JP Morgan Chase Analysis

JP Morgan Chase Analysis

Chase: Business Performance and Goals

Business performance, goals, and focus, and offerings are some of Chase Bank’s core operations.

Overview

  • According to Chase’s official website, the bank serves nearly half of America’s households by offering a wide array of financial services such as credit cards, mortgages, personal banking, auto financing, small business loans, investment advice, and payment processing.
  • Despite the ongoing global recession due to the coronavirus pandemic, Chase’s quarterly revenue indicates stability and proof that the business has been soaring. In the second quarter, Chase recorded a $33.8 billion revenue, yielding a $4.69 billion in profit for the period.
  • With almost 4,900 branches and 16,000 ATMs, Chase Bank has operated for over 200 years, and today, it is part of the largest financial institution in the US, with assets worth $2.6 billion around the world. More so, the bank can waive checking fees by enabling direct deposit, linking eligible accounts, or carrying a minimum balance.
  • Chase Bank’s main focus areas include; supporting climate change, economic development, innovation, and infrastructure growth. The bank’s multi-layer performance highlights a robust 9% CAGR across the business segment. Chase Bank’s big part of the success has been the result of the bank’s investment plan. Through Interbank Information Network with 400 participants, Chase Bank has managed to deliver new services and products to their clients.
  • Chase Bank’s growth target seeks to make the next significant acquisition across the board. The takeovers could be in adjacent business lines, such as payment firms or new territories. Previously, the bank has acquired firms such as WePay and InstaMed. Still, the recent acquisitions in 2020 could extend to technology, even though the bank prefers to grow businesses organically rather than through takeovers.
  • In the initial quarter of 2020, Chase Bank continued to execute on its branch expansion goal, penetrating 16 new markets since it started its expansion in 2018 and opening almost 100 new branches. The bank’s ultimate goal is to establish a branch presence in the US, whose populations sum to 95% of America’s population. Meanwhile, the bank managed to simultaneously prioritize its digital platform in 2019, with a tech budget of $11.4 billion, which eclipsed America’s other big banks’ tech budget.
  • Chase Bank’s goal is to address the wealth gap between rich and poor Americans, particularly in the Black and Latino families. As a commitment, the bank has dedicated $30 billion in loans, investment, and philanthropy over the past five years. The amount is meant to encourage an inclusive economic recovery, support employees, and remove barriers caused by systemic racism.
  • Chase Bank has expanded its offerings to incorporate new enhancements with a slate of updates. These include Ultimate Rewards, such as Chase Sapphire Preferred and Chase Sapphire Reserve personal cards, and the Ink Prefered Business Card. These offerings are valuable partly because they are redeemable for a bonus in the Ultimate Rewards travel portal.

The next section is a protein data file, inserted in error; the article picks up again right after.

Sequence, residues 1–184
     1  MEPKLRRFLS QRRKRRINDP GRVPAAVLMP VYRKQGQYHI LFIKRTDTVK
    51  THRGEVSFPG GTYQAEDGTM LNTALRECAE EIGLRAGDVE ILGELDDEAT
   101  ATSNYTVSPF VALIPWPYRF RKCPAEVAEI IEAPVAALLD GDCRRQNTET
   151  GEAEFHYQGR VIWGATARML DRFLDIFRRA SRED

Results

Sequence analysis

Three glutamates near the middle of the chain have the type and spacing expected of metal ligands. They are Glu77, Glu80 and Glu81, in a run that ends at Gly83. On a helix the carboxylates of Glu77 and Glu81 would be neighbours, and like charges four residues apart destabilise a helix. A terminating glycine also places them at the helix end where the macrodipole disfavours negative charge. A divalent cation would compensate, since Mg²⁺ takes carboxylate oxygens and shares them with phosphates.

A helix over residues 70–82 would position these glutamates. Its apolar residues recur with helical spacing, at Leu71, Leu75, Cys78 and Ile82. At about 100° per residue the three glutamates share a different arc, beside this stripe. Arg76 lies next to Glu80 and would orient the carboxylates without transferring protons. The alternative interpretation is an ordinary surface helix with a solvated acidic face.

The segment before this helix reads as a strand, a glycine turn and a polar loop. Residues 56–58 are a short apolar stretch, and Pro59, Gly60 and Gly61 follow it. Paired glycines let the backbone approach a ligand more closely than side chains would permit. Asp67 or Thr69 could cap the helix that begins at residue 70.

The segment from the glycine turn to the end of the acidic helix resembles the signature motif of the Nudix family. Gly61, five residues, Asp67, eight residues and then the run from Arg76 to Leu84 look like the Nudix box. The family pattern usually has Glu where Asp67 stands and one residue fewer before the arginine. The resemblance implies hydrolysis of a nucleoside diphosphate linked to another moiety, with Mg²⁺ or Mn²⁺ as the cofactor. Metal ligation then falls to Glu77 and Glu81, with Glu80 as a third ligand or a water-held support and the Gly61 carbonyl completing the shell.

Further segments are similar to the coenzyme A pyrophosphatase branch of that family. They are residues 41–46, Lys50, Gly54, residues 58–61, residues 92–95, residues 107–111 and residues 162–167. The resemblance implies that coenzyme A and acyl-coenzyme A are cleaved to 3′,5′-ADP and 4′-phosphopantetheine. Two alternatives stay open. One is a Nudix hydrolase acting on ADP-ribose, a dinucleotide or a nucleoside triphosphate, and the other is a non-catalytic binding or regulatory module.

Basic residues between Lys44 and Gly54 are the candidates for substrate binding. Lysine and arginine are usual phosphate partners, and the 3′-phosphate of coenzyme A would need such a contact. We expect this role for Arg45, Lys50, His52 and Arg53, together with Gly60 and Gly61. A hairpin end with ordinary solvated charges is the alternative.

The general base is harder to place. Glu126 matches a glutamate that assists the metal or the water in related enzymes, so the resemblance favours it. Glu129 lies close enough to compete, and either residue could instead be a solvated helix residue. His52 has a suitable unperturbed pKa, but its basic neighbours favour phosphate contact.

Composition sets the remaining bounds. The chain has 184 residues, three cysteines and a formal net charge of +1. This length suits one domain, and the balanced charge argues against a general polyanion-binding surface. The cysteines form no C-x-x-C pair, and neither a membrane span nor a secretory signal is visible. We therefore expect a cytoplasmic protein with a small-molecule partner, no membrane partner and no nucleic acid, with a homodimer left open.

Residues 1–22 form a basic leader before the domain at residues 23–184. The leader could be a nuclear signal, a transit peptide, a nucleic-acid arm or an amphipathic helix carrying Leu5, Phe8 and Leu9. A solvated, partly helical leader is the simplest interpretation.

• Credit cardholders can also enjoy offerings such as the new Pay Yourself Back, which has proven to be an outperforming service that allows Chase Bank customers to use points for groceries, home-improvement, and dining purchases. The Pay Yourself Back service is a new offering that has helped the bank’s customers, especially during the ongoing pandemic.
  • While Chase Bank’s offerings are not as extensive as some top banks in the US, Chase credit cards are some of the most sought-after in the market, mainly for their offerings. Chase Bank’s credit card holders are assured of perks such as premium travel cards, an easy cash-back option, an introduction into the points and miles world, or a small business credit card. More so, Chase cards are easily compatible with each other, therefore, giving maximum value.

JP Morgan: Business Performance and Goals

JPMorgan is presenting positive results, predominantly in the Corporate & Investment Banking and the Asset & Wealth Management segments. The financial institution is managing to gain some organic growth, as clients readjust their portfolios and some products show significant year-on-year growth.

Wholesale Operations

  • JPMorgan Chase divides its operations into Consumer Businesses and Wholesale Businesses. The wholesale business is divided into three distinct categories: Corporate & Investment Bank, Commercial Banking, and Asset & Wealth Management. Private Banking and USWM are considered segments (asset management). Business metrics describe the second quarter of 2020 results, the most recent publicly available data (third-quarter results will be published on October 13). Key business goals were based on the company’s 2019 annual report and recent statements from executives.
  • JPMorgan wholesale business attained positive results in Q1 and Q2 of 2020, as clients adjusted their portfolios and bond-buying programs slashed interest rates, lifting trading volumes. Like other financial institutions, JPMorgan was impacted by loan losses charges and low-interest rates in Q1; however, these losses were mitigated by a boom in trading, particularly fixed-income trading.